What is Web Accessibility? You may have heard that term a lot lately. With almost 62% of the world’s population using Internet today, it is crucial for the business to be available to all out there. The Web is designed to work for all people, regardless of their hardware, software, language, location, or ability.
People should be able to understand, navigate and interact with the Web without any impediments. It is essential that the Web is accessible in order to provide equal access and equal opportunities to people with diverse abilities.
As you may know, every web page starts with the navigation menu which is the first thing people will notice when they open the website. It is important that people are able to use the navigation and to maneuver through the website.
In this article I will explain how to create a navigation that follows the W3C standards, including some best practices.
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ARIA roles provide a semantic meaning to the content. They can be used to describe elements that do not exists in HTML markup. Landmark elements allow assistive technology to navigate and quickly find the content.
- Banner: <header>
- Complementary: <aside>
- Content info: <footer>
- Form: <form>
- Main: <main>
- Navigation: <nav>
- Region: <section>
The landmark role is providing a way to identify the structure of a web page. The landmark role = “navigation” is used to identify major groups of links used for a website or page navigation. If a page has more than one navigation landmark, each landmark should have a unique identifier.
The role “menu” is a type of a composite widget that offers a list of choices to the user. The role “menu” is appropriate when a list of menu items is presented – similar to a menu on a desktop application. Submenus, also known as pop-up menus should have the role = “menu”.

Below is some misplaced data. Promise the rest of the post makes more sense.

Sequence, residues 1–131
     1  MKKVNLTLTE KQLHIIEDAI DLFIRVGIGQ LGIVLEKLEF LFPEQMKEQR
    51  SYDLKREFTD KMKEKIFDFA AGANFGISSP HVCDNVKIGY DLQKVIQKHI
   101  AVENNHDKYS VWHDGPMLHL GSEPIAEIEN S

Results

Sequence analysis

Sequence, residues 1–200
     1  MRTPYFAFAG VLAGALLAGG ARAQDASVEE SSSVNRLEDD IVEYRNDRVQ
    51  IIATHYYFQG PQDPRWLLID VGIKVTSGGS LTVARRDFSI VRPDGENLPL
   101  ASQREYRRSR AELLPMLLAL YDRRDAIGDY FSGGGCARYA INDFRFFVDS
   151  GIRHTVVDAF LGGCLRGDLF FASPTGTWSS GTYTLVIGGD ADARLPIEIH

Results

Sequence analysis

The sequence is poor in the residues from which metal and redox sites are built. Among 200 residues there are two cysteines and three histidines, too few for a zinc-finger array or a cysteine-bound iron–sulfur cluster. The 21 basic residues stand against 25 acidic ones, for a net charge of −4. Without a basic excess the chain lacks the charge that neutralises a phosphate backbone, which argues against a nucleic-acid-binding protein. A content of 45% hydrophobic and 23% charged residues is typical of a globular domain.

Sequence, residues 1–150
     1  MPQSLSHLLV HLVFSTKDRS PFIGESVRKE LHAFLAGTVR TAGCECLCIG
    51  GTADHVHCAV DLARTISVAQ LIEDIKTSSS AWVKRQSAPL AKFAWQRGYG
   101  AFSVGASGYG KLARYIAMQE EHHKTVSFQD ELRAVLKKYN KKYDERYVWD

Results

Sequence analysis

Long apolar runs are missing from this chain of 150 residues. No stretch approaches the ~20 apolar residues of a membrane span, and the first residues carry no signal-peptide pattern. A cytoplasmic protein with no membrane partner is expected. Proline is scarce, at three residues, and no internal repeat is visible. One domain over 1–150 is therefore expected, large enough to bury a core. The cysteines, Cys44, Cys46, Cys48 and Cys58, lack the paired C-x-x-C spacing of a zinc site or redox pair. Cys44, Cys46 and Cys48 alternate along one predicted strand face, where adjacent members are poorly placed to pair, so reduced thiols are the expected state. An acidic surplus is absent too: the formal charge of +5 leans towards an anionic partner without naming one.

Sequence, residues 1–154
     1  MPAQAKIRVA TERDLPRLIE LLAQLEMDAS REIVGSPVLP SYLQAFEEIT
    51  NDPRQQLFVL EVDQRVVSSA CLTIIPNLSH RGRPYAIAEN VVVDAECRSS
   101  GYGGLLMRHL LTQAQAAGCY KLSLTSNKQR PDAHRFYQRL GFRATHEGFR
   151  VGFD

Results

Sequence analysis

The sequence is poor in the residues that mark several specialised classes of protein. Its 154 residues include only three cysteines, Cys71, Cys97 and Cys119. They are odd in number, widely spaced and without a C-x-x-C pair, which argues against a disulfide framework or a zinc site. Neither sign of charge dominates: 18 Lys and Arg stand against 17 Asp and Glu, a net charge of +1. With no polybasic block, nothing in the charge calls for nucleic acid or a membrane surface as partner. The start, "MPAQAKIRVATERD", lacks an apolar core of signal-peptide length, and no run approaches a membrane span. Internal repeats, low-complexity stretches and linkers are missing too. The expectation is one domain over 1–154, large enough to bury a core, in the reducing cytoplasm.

The role “menuitem” indicates the element is an option in a set of choices contained by a menu. Every menu item with role “menuitem” is focusable and must have an accessible name.
- Use HTML5 <nav> element to define the Navigation
- Avoid using too many landmark roles. It is difficult to understand the overall layout role
- Include role “navigation” attribute to define a Navigation landmark
- Include role “menu” for container elements that have menu and submenu list
- All menu items should have role “menuitem” attribute
- Use aria-label attribute to provide a recognizable name for landmark/object
- Use a <button> tag for mobile navigation trigger; or ensue that you use the ARIA attribute role “button” so screen readers will know it is clickable
- All active elements should be keyboard accessible
- All focusable active elements should include accessible roles, states, names and descriptions
- Hover and focus states should be defined to support both mouse and keyboard Navigation
By following W3C standards and guidelines and including landmark roles helps to make websites more accessible, usable, and inclusive for everyone.